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Law, Endowment, and Finance

  • Thorsten Beck
  • Asli Demirguc-Kunt
  • Ross Levine

This paper assesses two theories regarding the historical determinants of international differences in financial development. The law and finance theory holds that legal traditions differ in terms of the priority they attach to protecting the rights of private investors vis-a-vis the State and this has important implications for financial development. The endowment theory argues that the disease and geographical environment influence the formation of long-lasting institutions that influence financial development. Using a sample of former colonies, we explore whether the legal system brought by colonizers and/or the initial disease/geographical endowments encountered by colonizers explain financial development today. The empirical results indicate that both the legal systems brought by colonizers and the initial endowments in the colonies are important determinants of stock market development and private property rights protection. However, initial endowments are more robustly associated with financial intermediary development than legal origin and initial endowments explain more of the cross-country variation in financial intermediary and stock market development than legal origin.

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Paper provided by National Bureau of Economic Research, Inc in its series NBER Working Papers with number 9089.

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Date of creation: Aug 2002
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Publication status: published as Beck, Thorsten & Demirguc-Kunt, Asli & Levine, Ross, 2003. "Law, endowments, and finance," Journal of Financial Economics, Elsevier, vol. 70(2), pages 137-181, November.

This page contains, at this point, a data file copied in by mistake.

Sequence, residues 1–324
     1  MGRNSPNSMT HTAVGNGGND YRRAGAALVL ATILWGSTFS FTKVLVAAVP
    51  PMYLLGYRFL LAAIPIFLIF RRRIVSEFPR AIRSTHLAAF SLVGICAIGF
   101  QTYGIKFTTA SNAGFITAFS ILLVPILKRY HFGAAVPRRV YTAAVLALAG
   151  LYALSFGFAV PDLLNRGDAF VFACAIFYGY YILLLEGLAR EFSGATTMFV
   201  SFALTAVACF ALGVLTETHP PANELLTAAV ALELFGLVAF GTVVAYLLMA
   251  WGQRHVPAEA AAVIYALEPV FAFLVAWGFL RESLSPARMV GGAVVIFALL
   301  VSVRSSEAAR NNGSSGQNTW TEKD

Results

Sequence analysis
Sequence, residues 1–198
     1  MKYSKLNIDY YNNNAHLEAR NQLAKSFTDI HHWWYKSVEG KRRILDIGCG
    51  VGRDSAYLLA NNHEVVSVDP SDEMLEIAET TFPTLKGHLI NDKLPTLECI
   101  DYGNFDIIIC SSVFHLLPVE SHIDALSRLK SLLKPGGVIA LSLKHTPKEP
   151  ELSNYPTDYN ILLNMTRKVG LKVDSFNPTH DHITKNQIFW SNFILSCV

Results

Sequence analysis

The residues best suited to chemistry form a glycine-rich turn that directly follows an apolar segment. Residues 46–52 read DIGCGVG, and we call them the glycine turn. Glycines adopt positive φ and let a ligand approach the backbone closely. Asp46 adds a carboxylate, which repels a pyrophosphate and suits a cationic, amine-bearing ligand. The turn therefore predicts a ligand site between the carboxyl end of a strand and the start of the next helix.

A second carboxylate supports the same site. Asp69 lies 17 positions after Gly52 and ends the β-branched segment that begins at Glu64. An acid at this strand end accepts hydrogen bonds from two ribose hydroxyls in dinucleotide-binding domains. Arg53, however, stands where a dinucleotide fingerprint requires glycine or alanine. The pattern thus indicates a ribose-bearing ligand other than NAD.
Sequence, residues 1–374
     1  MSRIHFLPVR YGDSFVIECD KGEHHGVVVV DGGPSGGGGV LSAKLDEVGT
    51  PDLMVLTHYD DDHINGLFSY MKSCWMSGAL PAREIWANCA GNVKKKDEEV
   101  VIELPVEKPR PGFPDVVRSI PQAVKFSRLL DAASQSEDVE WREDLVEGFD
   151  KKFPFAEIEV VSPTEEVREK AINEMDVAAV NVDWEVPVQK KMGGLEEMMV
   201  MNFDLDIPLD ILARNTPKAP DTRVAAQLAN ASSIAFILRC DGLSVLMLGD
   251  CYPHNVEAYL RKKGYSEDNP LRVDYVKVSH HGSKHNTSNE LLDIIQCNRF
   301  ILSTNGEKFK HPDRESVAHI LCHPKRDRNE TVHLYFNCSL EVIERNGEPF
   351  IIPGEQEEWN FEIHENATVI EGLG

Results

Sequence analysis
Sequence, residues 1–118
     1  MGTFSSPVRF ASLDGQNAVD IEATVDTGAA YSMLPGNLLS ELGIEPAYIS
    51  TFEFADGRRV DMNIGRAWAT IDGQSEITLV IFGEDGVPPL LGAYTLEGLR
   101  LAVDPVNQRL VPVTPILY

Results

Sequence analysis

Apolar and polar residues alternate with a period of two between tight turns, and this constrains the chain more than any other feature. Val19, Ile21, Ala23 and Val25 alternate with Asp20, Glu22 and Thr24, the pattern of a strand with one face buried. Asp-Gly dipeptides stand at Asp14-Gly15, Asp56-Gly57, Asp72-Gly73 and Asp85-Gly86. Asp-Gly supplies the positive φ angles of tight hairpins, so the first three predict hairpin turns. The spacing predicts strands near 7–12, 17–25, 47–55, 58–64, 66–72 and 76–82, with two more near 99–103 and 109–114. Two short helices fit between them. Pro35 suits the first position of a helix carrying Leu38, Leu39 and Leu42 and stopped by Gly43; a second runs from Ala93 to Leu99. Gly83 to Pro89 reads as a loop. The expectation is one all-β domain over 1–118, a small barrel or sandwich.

Handle: RePEc:nbr:nberwo:9089
Note: IFM LE PE
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  10. Beck, Thorsten & Demirguc-Kunt, Asli & Levine, Ross, 2003. "Law and finance: why does legal origin matter?," Journal of Comparative Economics, Elsevier, vol. 31(4), pages 653-675, December.
  11. Thorsten Beck & Ross Levine, 2002. "Industry Growth and Capital Allocation: Does Having a Market- or Bank-Based System Matter?," NBER Working Papers 8982, National Bureau of Economic Research, Inc.
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  14. Rene M. Stulz & Rohan Williamson, 2001. "Culture, Openness, and Finance," NBER Working Papers 8222, National Bureau of Economic Research, Inc.
  15. Asli Demirgüç-Kunt & Vojislav Maksimovic, 1998. "Law, Finance, and Firm Growth," Journal of Finance, American Finance Association, vol. 53(6), pages 2107-2137, December.
  16. Beck, Thorsten & Levine, Ross & Loayza, Norman, 2000. "Finance and the sources of growth," Journal of Financial Economics, Elsevier, vol. 58(1-2), pages 261-300.
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  18. John Luke Gallup & Jeffrey D. Sachs & Andrew D. Mellinger, 1998. "Geography and Economic Development," Harvard Institute of Economic Research Working Papers 1856, Harvard - Institute of Economic Research.
  19. Thorsten Beck & Ross Levine & Norman Loayza, 1999. "Financial Intermediation and Growth: Causality and Causes," Working Papers Central Bank of Chile 56, Central Bank of Chile.
  20. Easterly, William & Levine, Ross, 1997. "Africa's Growth Tragedy: Policies and Ethnic Divisions," The Quarterly Journal of Economics, MIT Press, vol. 112(4), pages 1203-50, November.
  21. Jeffrey Wurgler, 1999. "Financial Markets And The Allocation Of Capital," Yale School of Management Working Papers ysm123, Yale School of Management, revised 01 Mar 2001.
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  23. La Porta, Rafael & Florencio Lopez-de-Silanes & Andrei Shleifer & Robert W. Vishny, 1997. " Legal Determinants of External Finance," Journal of Finance, American Finance Association, vol. 52(3), pages 1131-50, July.
  24. Beck, Thorsten & Clarke, George & Groff, Alberto & Keefer, Philip & Walsh, Patrick, 2000. "New tools and new tests in comparative political economy - the database of political institutions," Policy Research Working Paper Series 2283, The World Bank.
  25. North, Douglass C. & Weingast, Barry R., 1989. "Constitutions and Commitment: The Evolution of Institutions Governing Public Choice in Seventeenth-Century England," The Journal of Economic History, Cambridge University Press, vol. 49(04), pages 803-832, December.
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